Permanent Vacasian

The traveller sees what he sees; the tripper sees what he has come to see. – G. K. Chesterton

The Loop

| 4,142 views

Photo

Rice fields around Tha Khaek.

Central Laos – The Lonely Planet described it as a great adventure with rough roads and breaking bikes and a fellow traveler  we met told us stories about learning how to say “boiled eggs without fetus” in Lao so that he could find something to eat.  It sounded wild, slightly dangerous and a whole lot of fun, it was “The Loop” and we were all for it.   We arrived at Tha Khaek in the afternoon and checked into the Tha Khaek Travel Lodge, the base for all travelers setting out on The Loop.  We rented our bike and reviewed the hotel’s guest books with helpful hints about doing The Loop and prepared to set out the next day.

Photo

The road to Tham Pha Pa.

Our first stop was Tham Pha Pa (Buddha cave), a small cave 15 meters up a shear cliff filled with over two hundred 600 year old Buddhas, which could have been really cool if the locals had left it as it was when it was discovered in 2004 by a local fisherman chasing some bats for dinner, but they have poured a can a Velvita over it in the way of tacky flowers and what not.  Oh well.  I had to put on a Lao skirt in order to enter the cave, so that was kind of cool.

Photo

The view from inside Tham Xieng Liap.

The next stop was, oh joy, another cave.  Tham Xieng Liap is a 200 meter long cave with a picturesque valley on the other side.  We hired a local boy to show us the way through the cave to the valley.  Help us he did not, but he did follow us through, pointing here and there if Stuart really pushed him to show us the way.

Photo

Water buffalos keeping cool.

Navigating the dark cave was pretty difficult as we had to do a fair amount of clambering over slick rocks.  My balance and sight not being in top form, I had a pretty difficult time and shed more than tear.  Stuart had to do quite a bit of rallying to get me through.  And, we never did make it to the valley, our ‘guide’ didn’t seem interested at all in helping us reach it, so we got a peak of it from inside the cave, and turned around to go back.

Photo

Lots of women carried umbrellas as shade from the sun.

Thankfully we were done with caves for the day and our next stop was Tha Falang, a beautiful and pristine swimming hole popular with the French during their colonial days.  We we cooled off with a swim and then had a picnic lunch of baguettes (thank you French) and peanut butter (thank you Hollie).

Photo

The road through the Hin Boun valley.

Our drive continued through stunning scenery until we reached  our first stop for the night, the town of Nakai.  It was a bit hard to find and we had to track down a man with a key to the guesthouse, but it was a clean, comfortable place to stay for the night and we even found a restaurant with an English menu down the road, so much for eating boiled eggs.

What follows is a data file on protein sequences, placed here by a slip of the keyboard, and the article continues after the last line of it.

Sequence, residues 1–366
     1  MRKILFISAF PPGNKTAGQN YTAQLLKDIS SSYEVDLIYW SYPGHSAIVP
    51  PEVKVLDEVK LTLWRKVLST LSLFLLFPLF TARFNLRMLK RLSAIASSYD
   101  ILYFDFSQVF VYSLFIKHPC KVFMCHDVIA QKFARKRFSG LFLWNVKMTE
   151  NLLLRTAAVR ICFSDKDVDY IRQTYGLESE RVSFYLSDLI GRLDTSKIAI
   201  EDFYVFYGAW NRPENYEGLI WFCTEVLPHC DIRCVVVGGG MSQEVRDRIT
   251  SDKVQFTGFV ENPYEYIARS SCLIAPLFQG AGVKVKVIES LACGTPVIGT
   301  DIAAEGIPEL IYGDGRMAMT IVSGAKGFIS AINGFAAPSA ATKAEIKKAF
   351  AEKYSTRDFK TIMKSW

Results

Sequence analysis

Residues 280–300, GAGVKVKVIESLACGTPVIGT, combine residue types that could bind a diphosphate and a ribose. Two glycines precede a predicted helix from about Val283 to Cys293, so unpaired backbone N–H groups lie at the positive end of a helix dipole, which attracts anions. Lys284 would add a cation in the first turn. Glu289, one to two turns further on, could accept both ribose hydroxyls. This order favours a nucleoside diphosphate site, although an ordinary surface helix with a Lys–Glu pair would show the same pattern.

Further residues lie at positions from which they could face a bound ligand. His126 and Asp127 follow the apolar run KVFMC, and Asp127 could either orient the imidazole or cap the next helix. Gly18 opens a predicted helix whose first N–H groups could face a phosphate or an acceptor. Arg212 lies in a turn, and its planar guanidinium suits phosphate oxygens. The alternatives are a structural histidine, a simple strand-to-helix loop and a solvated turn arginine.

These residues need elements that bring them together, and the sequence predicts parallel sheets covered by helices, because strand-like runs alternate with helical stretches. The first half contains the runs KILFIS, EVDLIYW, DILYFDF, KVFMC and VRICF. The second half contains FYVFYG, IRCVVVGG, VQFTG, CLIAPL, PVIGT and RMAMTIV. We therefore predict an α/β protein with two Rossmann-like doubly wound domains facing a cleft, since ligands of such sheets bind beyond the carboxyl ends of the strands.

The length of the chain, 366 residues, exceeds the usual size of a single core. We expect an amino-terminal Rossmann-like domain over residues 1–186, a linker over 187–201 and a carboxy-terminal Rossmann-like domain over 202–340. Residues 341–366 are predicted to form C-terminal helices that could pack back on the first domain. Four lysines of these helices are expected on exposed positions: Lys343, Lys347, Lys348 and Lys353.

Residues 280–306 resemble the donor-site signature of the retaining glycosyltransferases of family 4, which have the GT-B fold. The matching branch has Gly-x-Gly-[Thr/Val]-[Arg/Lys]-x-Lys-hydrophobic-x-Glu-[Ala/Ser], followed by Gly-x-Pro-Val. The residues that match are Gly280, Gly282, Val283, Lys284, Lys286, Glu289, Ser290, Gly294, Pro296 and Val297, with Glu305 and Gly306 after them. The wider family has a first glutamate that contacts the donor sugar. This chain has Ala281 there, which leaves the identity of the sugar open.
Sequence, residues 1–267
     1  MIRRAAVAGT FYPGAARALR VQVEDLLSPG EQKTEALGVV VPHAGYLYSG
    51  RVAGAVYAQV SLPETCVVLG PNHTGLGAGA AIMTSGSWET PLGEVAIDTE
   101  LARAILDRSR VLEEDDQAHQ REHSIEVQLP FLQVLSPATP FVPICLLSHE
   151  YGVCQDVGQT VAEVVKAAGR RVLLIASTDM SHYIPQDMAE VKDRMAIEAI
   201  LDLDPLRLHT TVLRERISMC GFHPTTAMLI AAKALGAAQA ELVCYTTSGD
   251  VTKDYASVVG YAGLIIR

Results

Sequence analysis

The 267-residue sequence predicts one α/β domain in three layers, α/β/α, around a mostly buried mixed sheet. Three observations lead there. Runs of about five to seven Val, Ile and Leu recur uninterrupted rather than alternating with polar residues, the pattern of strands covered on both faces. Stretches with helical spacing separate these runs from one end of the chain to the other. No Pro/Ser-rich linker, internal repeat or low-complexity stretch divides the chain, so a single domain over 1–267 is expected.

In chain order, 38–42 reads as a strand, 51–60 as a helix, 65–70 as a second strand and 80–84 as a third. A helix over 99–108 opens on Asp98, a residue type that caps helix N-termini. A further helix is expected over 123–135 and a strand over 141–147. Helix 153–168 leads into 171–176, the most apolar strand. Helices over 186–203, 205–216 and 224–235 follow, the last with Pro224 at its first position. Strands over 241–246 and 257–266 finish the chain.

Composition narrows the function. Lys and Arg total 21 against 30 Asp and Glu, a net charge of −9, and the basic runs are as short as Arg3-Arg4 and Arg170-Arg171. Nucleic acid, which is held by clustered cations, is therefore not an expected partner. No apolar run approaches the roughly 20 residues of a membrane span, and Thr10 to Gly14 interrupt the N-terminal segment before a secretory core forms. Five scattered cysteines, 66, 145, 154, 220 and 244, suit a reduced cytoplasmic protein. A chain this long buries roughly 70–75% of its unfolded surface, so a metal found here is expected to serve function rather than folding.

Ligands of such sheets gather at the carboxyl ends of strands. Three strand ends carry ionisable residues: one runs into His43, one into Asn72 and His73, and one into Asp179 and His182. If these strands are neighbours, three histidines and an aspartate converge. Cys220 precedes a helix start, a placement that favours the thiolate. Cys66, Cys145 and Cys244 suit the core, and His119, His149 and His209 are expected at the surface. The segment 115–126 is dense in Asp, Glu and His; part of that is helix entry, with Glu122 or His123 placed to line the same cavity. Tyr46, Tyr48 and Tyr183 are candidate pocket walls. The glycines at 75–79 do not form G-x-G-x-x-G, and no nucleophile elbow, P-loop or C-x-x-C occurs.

Photo

Sala Hin Boun hotel.

The next morning we drove a bit to the town of Ban Tha Long, were we stopped for breakfast and met up with some of the other people doing The Loop.  We were actually supposed to meet a couple of them in Nakai last night, but they weren’t able to find it.  When they started telling us stories of their rat infested bungalows, I was sure glad that we did.  Also at breakfast we met Ray and Megan, a couple from San Francisco, and we ended up riding the rest of the day with them.  Stuart would later that day refer to Ray as his soul mate (I guess that makes me chopped liver).

Photo

Easy-to-please riders.

We rode through more gorgeous scenery before stopping for lunch in Nahin.  We checked out a few places to stay there, but decided to continue on towards Tham Kong Lo cave, and we found the beautiful Sala Hin Boun hotel.  Lush,  green and right on the river.  We spent the rest of the day there, enjoying the surroundings and chatting with our new friends.  Stuart took the bike out for a solo ride to see what that 100cc bike could really  do (not much).

Photo

The entrance to Tham Kong Lo is in the limestone wall on the left.

In the morning we visited the Tham Kong Lo cave. I wasn’t too thrilled about another cave, but to get through this one we had to hire a boat, so we didn’t have to scale any rocks,  we just had to get out and wade through a few shallow parts, totally manageable. Apparently the cave was magnificent, but I’ll have to take everyone else’s word for it.

Photo

Inside the cave.

Most of what there was to see in the two hour long ride through and back the 7km long cave that was lost to me, but I could tell it was something special and I still rather enjoyed it. The 40km road to the cave has just been paved so there is no doubt that this sight will soon be filled with loads of tour groups, but for now it was pretty quite, even though we visited on the weekend, and we were thankful for that.

Photo

This was Stuart's view for most of the ride.

Stuart and I had a long ride back to Tha Khaek in front of us, so after a lunch of Papaya salad and noodle soup at the cave we headed out. Stuart’s joy ride the day before cost us all our gas and we ended us running out before we could make it to the gas station in Nahin.

Photo

Outside the cave.

But, in Southeast Asia we have learned that where there is a demand, there is an over abundance of supply and we only had to walk to bike back 1 kilometer to find a guy selling gas out of old liter bottles.  We paid an exorbitant price for a liter and were on our way again.  We thought ourselves lucky when we passed two of the guys from breakfast on a steep hill on our way back.  One of the guy’s bike had broken down and he had paid quite a bit of money to have it fixed, only for it to break down again and the other guy was slowly towing him up the hill.

Photo

Gardens along the river.

Photo

Viewpoint on the way back to Tha Khaek.